European Federation of Journalists (EFJ), the regional group of the
International Federation of Journalists, today condemned a warning issued by Robert
Fico, the Prime Minister of Slovakia,
over media coverage of what he says are trouble-making extremist groups in
Prime Minister on Monday gave a blunt warning that the government might take action
against journalists covering groups which he says are promoting separatism and
trying to sow dissent within Slovakia's
minority Hungarian community. Fico said
his government might act to stop reporting that it considers damaging to
Slovakian national interest.
EFJ accused him of sending an ‘intimidating signal' about the future of press
freedom in Slovakia.
sort of loose political talk creates an intimidating atmosphere for journalists,"
said Aidan White, European
Federation of Journalists General Secretary. "The Prime Minister would do well
to consider the damage he does to press freedom and the reputation of Slovakia in Europe
when he speaks like this."
EFJ says that political debate and discussion about tough issues such as rights
of minorities cannot be ignored. "Complex issues need to be reported in context
by well informed journalists," said White. "But journalists and media cannot do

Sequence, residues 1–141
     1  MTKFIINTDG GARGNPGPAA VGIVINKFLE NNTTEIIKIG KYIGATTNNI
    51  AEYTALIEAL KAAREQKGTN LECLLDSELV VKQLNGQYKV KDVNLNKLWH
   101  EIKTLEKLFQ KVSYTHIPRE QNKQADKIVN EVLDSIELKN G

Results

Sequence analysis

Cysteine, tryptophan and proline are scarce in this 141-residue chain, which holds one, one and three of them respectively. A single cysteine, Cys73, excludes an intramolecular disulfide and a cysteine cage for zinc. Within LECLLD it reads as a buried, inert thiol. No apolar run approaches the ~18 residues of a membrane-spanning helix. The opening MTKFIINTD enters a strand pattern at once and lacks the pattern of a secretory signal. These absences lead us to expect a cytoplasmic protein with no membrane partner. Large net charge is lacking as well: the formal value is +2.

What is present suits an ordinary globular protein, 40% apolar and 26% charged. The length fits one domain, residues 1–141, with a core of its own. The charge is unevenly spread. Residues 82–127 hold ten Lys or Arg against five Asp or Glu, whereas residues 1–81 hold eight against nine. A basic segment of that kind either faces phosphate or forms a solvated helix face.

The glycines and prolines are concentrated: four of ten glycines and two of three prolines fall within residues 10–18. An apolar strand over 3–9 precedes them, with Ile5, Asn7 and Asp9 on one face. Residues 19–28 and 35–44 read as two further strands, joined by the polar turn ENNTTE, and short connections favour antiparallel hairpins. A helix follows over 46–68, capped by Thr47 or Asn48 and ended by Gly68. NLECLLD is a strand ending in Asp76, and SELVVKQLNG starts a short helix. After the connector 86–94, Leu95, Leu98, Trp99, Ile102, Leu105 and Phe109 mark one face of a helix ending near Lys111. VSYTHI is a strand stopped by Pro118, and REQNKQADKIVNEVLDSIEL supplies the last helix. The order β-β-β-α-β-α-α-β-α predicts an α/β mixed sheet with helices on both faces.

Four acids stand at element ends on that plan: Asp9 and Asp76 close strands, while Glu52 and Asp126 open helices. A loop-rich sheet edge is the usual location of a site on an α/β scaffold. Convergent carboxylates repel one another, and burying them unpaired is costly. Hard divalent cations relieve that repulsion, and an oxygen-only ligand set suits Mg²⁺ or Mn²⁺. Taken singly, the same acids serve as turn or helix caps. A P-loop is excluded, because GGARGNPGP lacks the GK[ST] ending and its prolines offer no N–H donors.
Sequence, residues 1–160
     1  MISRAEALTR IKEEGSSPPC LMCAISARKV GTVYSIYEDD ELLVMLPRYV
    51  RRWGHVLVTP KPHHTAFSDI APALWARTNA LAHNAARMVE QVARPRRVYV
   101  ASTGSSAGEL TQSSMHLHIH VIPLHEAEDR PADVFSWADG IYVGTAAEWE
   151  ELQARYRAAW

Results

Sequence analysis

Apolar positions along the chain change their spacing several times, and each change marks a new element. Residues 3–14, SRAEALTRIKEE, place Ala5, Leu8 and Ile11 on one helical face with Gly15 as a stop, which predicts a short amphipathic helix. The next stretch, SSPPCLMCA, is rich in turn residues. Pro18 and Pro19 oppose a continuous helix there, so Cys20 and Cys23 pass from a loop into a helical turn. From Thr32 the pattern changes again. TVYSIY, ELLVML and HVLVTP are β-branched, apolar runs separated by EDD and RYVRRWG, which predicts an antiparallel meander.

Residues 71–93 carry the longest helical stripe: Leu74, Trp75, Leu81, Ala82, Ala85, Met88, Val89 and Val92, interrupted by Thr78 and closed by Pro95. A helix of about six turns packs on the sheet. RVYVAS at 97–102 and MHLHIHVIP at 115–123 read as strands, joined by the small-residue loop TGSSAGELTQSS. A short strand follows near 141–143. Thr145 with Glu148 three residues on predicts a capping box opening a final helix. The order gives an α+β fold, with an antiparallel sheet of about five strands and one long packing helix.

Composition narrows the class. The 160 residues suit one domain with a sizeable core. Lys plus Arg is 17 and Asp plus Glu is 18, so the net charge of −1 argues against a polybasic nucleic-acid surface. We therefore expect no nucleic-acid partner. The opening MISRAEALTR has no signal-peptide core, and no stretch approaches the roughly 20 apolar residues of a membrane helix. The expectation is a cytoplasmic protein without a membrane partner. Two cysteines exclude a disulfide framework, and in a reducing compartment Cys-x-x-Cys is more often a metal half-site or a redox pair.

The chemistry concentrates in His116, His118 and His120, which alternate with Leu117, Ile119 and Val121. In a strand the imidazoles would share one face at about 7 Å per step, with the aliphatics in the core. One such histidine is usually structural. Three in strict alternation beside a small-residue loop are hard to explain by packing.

their job well when government starts throwing its weight around."
said many countries in Europe had to deal with
internal discussions over issues such as regional independence, border
arrangements or political controversy with neighbours. Slovakia is not
a special case, he said.
an atmosphere of self-censorship and intimidation will not solve problems - if
anything, it only make matters worse," said White. "That's why we support
Slovak journalists who are determined to protect their editorial independence
and professionalism from political interference."
said that later this month he will visit Slovakia
to meet with the Slovak Syndicate of Journalists, media leaders and state
officials to discuss the problems that journalists face.
events point to a growing crisis for media freedom in the region," said White.
"It's time for tolerance and dialogue and less intemperate politics when it
comes to media affairs."
further information contact IFJ on +32 2 235 2207
The IFJ represents over 600,000
journalists in 123 countries worldwide